SCOTLAND is being urged to ramp up preparations for rejoining the EU, including by expanding its presence in Brussels, ahead of a new independence paper.

Speaking at the SNP’s South Scotland Regional Assembly in Dumfries, First Minister Humza Yousaf confirmed that a forthcoming paper on the issue of Scotland rejoining the European Union will go into more details on the Border.

It comes as it has been ­suggested preparations for going back into ­Europe should be ramped up, ­including increasing the number of officials in the Scottish Government’s Brussels office.

Stephen Gethins, professor of ­international relations at St Andrews University, said ministers could also visit Brussels and member state capitals more frequently, while an “audit” of the institutions necessary for EU membership should be carried out.

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The former SNP MP told the ­Sunday National undertaking as much preparation as possible could enable Scotland to rejoin the EU as quickly as Finland, which has had the most rapid accession at two years and seven months.

Gethins pointed out Scotland had previously aligned with EU rules for nearly half a century, but said work can be done before any ­application to join the EU is submitted.

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He said: “Because Scotland hasn’t been independent since the 18th ­century, there are areas that although it would be aligned with the EU very closely … there would be some ­challenges, some areas that need to be overcome.

“Some of the questions I would ask would be if you want Scotland to be a member of the EU within the next five years or even 10 years, is the ­office in Brussels currently big enough to meet that ambition?

“I say this with a full ­understanding of how stretched the civil service is, how the Scottish Government has very restrictive resources, both in terms of numbers of officials and also in terms of diplomatic recognition.”

He added: “Also what kind of levels of political engagement should you be looking at – Scotland is part of third country at the moment, so it needs to work harder than ever in terms of both engaging with European institutions and European partners even at an informal level.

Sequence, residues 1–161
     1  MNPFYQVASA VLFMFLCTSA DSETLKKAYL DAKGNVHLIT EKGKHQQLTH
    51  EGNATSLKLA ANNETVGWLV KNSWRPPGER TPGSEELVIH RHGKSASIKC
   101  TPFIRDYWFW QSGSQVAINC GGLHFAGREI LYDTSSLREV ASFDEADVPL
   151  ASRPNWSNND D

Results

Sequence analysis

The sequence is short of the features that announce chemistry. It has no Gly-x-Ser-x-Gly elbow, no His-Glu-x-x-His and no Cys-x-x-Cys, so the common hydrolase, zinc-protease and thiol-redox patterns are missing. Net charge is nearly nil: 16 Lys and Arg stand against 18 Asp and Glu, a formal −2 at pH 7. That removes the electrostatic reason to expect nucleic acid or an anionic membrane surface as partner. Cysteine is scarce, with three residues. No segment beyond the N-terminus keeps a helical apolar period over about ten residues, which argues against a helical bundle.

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“Again I would say this with all recognition with how restricted ­ministers are in time – are ministers visiting Brussels enough, again with a recognition they have got important constituency and parliamentary and ministerial responsibilities at home?

“What kind of engagement is ­taking place in the member state capitals is also important, as of course not all decisions about the European Union are made in Brussels, very significant ­decisions are made in the member state capitals.”

Gethins said there would also be challenges around establishing the institutions needed – such as ­environmental, transport and finance regulators.

He said “of course” it would be ­possible for Scotland to be able to join as quickly as Finland did – but cautioned it would depend on the groundwork which had been carried out and other factors such as negotiations with the UK and the UK’s relationship with Europe at that point.

Earlier this year, the Tory government came under fire over efforts to curb international engagement work by Scottish ministers.

Gethins said UK ministers could not prevent the Scottish ­Government putting resources into Brussels, but could make it more difficult for ­Scottish officials to carry out their day-to-day work.

But he added: “I see the UK ­Government’s approach to the ­Scottish Government as quite short-sighted in that regard.

“Officials in the Faroe Islands or from Flanders, for example, enjoy the same diplomatic recognition as ­officials from Denmark or Belgium do.

“Because they see the benefits that those sub-state – non-independent – entities bring.

“That para-diplomacy, or however you want to call it, is something which is very, very common in Brussels.

“It was unusual to see a state like the UK try and hamper the work of the Scottish Government.

“The Scottish Government has ­responsibility for food and drink, growing the economy, all these ­important areas and areas where we need a good relationship with the rest of Europe, regardless of our ­constitutional status.”

Scotland’s Europe Minister Christina McKelvie said: “To give people the information they need to make an informed choice about Scotland’s constitutional future, the Scottish Government will shortly publish a paper setting out how an independent Scotland would rejoin the European Union, in order to escape the ­damage of Brexit – which has limited our economic growth, restricted trade, increased food costs and diminished opportunities for our young people.”

She added: “While we will continue to do all we can to mitigate the damage of Brexit, the only way to meaningfully reverse that damage, and restore the benefits we previously enjoyed, is for an independent Scotland to rejoin the EU.”